The Department of Labor (“DOL”) announced a final rule revising its tipped employee regulations to address changes to section 3(m) of the Fair Labor Standards Act (“FLSA”) made by the Consolidated Appropriations Act of 2018 (“CAA”).[i] The CAA made several notable changes to the FLSA, including prohibiting managers and supervisors from participating in tip pools, clarifying tip credits for employees working dual jobs, and imposing new civil penalties on employers that unlawfully retain employees’ tips. The DOL final rule implements and codifies those changes, but also rescinds the Department’s so-called “80/20 rule” that required employers to pay a tipped employee the full minimum wage, rather than the lower cash wage applicable to tipped employees, if the employee spent more than 20% of his or her time performing allegedly non-tipped duties. The final rule will become effective on March 1, 2021.[ii]
We summarize the key changes made by the DOL final rule below.
Managers and Supervisors Cannot Participate in a Tip Pool
The CAA added language to the FLSA prohibiting employers from retaining their employees’ tips “for any purposes, including allowing managers or supervisors to keep any portion of employees’ tips, regardless of whether or not the employer takes a tip credit.” 29 U.S.C. § 203(m)(2)(B). The DOL final rule incorporates that change by confirming that managers and supervisors cannot receive employees’ tips as part of any tip pooling arrangement.
The final rule also provides guidance to employers to help determine whether an employee constitutes a manager or a supervisor. Specifically, the final rule uses the “duties test” from the FLSA’s executive-employee exemption. Under this test, the DOL will consider an employee a manager or a supervisor if:
- The employee’s primary duty is managing the enterprise or a customarily recognized department or subdivision of the enterprise;
- The employee customarily and regularly directs the work of at least two or more other full-time employees or their equivalent; and
- The employee has the authority to hire or fire other employees, or the employee’s suggestions and recommendations as to the hiring or firing are given particular weight.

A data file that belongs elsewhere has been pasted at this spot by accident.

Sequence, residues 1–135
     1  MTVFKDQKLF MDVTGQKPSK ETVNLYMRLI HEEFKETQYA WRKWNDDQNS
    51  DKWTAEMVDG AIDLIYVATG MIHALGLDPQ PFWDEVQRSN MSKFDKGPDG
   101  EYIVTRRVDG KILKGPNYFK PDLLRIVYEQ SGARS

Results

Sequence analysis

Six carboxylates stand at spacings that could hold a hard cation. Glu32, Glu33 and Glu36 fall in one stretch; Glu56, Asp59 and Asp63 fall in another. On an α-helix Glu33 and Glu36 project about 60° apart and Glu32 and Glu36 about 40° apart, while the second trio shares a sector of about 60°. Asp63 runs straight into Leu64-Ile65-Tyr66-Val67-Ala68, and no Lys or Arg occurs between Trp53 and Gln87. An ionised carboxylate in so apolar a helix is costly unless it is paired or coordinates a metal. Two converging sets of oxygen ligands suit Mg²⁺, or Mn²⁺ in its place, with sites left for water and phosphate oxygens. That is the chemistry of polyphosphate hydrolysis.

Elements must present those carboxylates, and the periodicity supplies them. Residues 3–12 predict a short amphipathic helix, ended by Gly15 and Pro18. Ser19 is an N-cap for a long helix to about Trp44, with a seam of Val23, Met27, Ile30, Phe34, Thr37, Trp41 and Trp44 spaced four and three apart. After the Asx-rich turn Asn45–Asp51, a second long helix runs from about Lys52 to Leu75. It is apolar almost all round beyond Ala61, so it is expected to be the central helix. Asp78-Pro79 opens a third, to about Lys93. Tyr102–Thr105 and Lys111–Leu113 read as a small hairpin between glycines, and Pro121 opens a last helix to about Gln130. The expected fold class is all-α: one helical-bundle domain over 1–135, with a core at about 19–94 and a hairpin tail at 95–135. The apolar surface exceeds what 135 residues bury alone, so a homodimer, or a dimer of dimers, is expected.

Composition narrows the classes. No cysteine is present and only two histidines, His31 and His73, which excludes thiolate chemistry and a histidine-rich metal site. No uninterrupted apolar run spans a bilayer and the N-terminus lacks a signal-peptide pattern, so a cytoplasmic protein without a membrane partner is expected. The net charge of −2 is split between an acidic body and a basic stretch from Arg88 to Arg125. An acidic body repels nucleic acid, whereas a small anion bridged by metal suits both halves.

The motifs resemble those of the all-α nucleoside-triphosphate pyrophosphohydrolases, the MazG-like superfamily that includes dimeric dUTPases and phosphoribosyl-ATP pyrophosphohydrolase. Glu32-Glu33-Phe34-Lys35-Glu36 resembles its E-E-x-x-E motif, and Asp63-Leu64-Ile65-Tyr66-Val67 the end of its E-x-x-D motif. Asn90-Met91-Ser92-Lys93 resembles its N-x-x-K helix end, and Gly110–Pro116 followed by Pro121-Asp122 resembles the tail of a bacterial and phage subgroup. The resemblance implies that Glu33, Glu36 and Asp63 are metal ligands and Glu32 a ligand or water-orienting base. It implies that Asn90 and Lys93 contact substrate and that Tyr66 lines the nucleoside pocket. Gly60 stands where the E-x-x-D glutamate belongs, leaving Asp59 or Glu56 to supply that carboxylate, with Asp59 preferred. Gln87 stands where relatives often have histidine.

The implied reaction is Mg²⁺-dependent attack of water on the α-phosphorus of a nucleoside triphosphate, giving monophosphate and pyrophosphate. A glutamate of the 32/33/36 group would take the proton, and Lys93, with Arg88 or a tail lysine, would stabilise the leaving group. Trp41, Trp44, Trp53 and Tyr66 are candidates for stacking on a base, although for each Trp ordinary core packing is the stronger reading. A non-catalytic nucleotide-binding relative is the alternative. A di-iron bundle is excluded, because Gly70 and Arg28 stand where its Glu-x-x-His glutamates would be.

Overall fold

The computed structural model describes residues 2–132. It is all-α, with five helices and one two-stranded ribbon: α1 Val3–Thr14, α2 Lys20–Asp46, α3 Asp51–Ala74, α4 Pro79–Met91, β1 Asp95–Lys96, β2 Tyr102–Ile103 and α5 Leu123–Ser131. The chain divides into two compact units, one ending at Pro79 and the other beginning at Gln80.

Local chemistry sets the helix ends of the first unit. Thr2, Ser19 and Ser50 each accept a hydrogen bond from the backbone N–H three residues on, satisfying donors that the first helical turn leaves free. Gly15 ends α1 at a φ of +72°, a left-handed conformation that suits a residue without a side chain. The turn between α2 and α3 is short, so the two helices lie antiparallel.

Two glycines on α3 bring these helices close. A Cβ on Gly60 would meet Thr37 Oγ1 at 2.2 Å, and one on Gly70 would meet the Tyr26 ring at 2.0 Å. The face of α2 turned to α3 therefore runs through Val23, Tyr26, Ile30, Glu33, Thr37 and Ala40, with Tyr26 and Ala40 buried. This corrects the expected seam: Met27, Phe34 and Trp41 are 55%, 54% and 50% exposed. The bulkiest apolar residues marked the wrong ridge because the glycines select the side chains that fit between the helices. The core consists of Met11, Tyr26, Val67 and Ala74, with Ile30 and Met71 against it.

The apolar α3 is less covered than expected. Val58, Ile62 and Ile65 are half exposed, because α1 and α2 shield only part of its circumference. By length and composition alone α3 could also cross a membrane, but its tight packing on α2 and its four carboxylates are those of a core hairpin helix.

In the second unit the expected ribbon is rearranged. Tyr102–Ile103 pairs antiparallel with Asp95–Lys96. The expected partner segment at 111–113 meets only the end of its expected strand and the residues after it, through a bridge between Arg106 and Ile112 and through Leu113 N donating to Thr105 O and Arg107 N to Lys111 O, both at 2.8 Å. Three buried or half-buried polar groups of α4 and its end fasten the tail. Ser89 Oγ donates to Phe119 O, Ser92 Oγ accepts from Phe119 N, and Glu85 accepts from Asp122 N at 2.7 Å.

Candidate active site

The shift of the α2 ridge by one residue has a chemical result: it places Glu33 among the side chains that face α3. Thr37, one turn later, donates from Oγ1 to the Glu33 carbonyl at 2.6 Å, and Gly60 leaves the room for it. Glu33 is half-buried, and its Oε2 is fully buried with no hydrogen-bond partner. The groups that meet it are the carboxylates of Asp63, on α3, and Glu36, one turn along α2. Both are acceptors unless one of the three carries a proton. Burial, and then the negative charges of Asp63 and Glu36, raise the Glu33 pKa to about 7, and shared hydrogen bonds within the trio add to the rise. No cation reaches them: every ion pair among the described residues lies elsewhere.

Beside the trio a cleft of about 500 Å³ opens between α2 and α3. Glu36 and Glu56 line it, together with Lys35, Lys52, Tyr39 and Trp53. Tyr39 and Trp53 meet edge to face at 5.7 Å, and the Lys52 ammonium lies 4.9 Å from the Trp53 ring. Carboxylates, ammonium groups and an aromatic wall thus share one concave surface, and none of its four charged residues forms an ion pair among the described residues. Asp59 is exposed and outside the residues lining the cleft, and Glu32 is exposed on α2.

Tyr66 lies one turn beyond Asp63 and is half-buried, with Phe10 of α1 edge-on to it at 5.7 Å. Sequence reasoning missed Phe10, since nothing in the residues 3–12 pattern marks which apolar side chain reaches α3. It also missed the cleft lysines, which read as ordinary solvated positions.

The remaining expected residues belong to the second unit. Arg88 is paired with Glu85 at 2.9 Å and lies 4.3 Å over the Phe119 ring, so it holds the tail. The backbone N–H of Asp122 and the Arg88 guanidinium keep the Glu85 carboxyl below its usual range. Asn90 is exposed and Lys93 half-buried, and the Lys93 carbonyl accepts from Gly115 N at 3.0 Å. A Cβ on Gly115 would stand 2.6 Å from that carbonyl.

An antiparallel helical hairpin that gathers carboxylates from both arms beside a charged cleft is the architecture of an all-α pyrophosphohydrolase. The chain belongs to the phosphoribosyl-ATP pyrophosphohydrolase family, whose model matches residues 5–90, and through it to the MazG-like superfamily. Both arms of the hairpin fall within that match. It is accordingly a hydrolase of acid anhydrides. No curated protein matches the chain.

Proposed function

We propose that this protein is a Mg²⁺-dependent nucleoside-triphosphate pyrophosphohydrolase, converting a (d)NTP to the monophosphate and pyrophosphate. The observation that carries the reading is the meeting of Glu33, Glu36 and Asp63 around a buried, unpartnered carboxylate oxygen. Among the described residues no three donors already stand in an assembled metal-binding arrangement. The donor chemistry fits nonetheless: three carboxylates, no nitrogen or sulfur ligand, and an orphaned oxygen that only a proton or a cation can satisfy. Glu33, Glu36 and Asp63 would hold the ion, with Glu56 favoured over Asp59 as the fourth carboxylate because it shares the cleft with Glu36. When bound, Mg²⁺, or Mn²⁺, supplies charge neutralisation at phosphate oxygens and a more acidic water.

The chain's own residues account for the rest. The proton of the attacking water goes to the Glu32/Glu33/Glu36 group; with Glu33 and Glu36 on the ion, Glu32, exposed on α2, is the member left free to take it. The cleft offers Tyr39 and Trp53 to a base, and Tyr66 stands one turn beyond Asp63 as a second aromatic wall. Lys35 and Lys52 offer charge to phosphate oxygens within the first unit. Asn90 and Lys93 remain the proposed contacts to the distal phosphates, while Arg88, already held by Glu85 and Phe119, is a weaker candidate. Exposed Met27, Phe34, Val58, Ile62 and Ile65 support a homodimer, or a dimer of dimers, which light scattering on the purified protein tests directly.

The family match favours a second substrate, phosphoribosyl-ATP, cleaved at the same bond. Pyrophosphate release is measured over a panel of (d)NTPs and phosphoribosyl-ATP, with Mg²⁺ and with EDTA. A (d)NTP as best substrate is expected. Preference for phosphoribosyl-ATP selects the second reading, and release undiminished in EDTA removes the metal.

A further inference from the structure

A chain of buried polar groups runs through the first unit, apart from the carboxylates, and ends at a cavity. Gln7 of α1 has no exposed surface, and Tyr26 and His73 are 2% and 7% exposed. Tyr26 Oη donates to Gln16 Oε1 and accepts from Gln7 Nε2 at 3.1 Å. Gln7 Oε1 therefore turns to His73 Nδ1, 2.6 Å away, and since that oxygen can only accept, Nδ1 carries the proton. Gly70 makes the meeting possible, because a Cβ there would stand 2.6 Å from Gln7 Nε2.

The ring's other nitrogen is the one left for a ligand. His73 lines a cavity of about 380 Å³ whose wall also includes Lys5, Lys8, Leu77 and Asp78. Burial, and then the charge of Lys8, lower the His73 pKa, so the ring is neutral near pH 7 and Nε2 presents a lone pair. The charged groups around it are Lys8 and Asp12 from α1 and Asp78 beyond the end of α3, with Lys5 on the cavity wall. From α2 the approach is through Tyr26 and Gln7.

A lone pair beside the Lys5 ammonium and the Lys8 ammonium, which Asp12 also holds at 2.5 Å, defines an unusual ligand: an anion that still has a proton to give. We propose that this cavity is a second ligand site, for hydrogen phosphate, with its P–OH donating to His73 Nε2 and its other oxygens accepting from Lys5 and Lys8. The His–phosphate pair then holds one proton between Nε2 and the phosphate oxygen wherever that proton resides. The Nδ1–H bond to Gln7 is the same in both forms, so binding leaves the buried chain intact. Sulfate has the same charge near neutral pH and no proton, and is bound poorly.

The DOL’s definition of a manager or supervisor also includes any individual who owns at least a bona fide 20% equity interest in the enterprise in which the individual is employed and actively engaged in its management.
Employees Who Do Not “Customarily and Regularly” Receive Tips May Participate in Tip Pools, So Long As No Tip Credit Is Taken
Previously, DOL regulations provided that employers could not include employees who did not customarily and regularly receive tips (e.g., cooks and dishwashers) in a mandatory tip pool. Congress suspended portions of these regulations in the CAA. The DOL final rule specifies that employers may include employees who do not customarily and regularly receive tips in a tip pool, so long as the employer does not take a tip credit towards minimum wage requirements.
The “80/20 Rule” Is Formally Eliminated
The dual jobs regulation addresses when an employer may take a tip credit towards minimum wage requirements for time that an employee spends performing duties that do not directly result in tips for that employee. Previously, the DOL employed the “80/20 rule” in such cases. That rule required employers to pay tipped employees the full minimum wage, rather than the lower cash wage applicable to tipped employees, for non-tipped duties if the employee spent more than 20% of his or her time performing non-tipped duties.
The DOL final rule formally abolishes the “80/20 rule” in favor of a new two-factor test. The final rule provides that an employer may take a tip credit for time that an employee spends performing related, non-tipped duties if two circumstances are satisfied:
- The duties must be related to the employee’s tipped occupation; and
- The employee must perform the related duties contemporaneously with the tip-producing activities or within a reasonable time immediately before or after the tipped activities.
The DOL will presume that a non-tipped duty is “related” to the employee’s tipped occupation if it is listed as a task of the tip-producing occupation in the Occupational Information Network (“O*NET”), available at www.onetonline.org. However, the list of tasks in the O*NET is not exclusive.